LOS ANGELES (AP) — Frustration over Republican presidential nominating rules could threaten whether a plan to revive the GOP takes hold among the party's most conservative activists.
Members of the Republican National Committee, meeting in Los Angeles this week, are already giving mixed reviews to a report that prescribes outreach to minority voters and softening the GOP's tone on hot-button issues.
But some conservative activists say lingering anger about rules aimed at streamlining the party's presidential nominating process take power away from the GOP grassroots national party leaders say they want to empower.
"We need to make a strong statement that this party isn't top down, it's bottom up," Texas Republican Party Chairman Steve Munisteri said during debate over rules changes.
Munisteri and others are upset about a rule, adopted at the party's national convention in Tampa last year, that requires national convention delegates to vote to nominate the candidate who wins their state's primary election or caucus.
In a partial victory for the rule's opponents, an RNC committee voted Wednesday to release states that hold caucuses from the rule. The full RNC is expected to vote on the change Friday.
"I would describe it as a victory for the party's grassroots," said the amendment's sponsor, Jeff Johnson of Minnesota.
The simmering rules quarrel comes as national committee Chairman Reince Priebus is trying to build support for a plan to attract more young, Latino, African American, Asian and gay voters to the party. These groups heavily backed President Barack Obama over Republican Mitt Romney in the 2012 presidential election.
As with the rules conflict, the report issued by the RNC last month after 3 months of study, is viewed by some GOP activists as a dictate from party officials more concerned with winning than reinforcing the party's principles.
But former RNC committeeman from Michigan Saul Anuzis said both issues stem from anger over losing to Obama, whom Republicans viewed as vulnerable, and highlights tension between state-level party activists who preferred a more conservative nominee than Romney, and moderates who saw the former Massachusetts governor as a better match for Obama.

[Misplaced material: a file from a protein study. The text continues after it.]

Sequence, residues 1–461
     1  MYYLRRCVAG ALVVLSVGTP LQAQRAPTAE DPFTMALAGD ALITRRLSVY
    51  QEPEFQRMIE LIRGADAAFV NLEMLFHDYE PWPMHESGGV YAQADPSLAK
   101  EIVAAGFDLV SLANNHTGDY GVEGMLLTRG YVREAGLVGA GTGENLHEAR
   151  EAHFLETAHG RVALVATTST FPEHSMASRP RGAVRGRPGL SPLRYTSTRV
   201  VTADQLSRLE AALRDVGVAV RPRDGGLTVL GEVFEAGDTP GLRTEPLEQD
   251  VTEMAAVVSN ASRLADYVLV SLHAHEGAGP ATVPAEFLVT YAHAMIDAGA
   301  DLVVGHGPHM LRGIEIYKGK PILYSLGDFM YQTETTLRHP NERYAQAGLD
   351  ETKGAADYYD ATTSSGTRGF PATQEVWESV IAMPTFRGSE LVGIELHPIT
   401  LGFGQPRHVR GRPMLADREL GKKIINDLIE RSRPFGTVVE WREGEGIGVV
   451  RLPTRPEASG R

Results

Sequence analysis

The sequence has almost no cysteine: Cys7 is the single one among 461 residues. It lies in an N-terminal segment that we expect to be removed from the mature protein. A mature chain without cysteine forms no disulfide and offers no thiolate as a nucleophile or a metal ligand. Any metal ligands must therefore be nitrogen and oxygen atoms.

"I think that there's clearly a tremendous amount of frustration in the grassroots for losing," said Anuzis.
At issue with some RNC members is their perception that the report suggests softened positions on hot-button topics such as gay marriage and immigration.
"We've got to start somewhere — as long as we don't abandon the platform," said Alabama Republican Joan Reynolds.
Some Republican leaders have said the report would alienate the party's most devout members, and cost the party more votes than it gains.
Committee officials said Wednesday the RNC remains committed to its long-held positions in opposition to allowing immigrants in the country illegally to stay and opposing gay marriage. But Priebus' report, based on three months of work by a team of national party strategists, states starkly that the GOP has lost the ability to attract voters who disagree.
The meeting is a chance to convince them of that hard truth, party officials said. "This is the first time anyone is in one place able to talk through what's been said in the last month about the plan to move forward," said Kirsten Kukowski, RNC press secretary.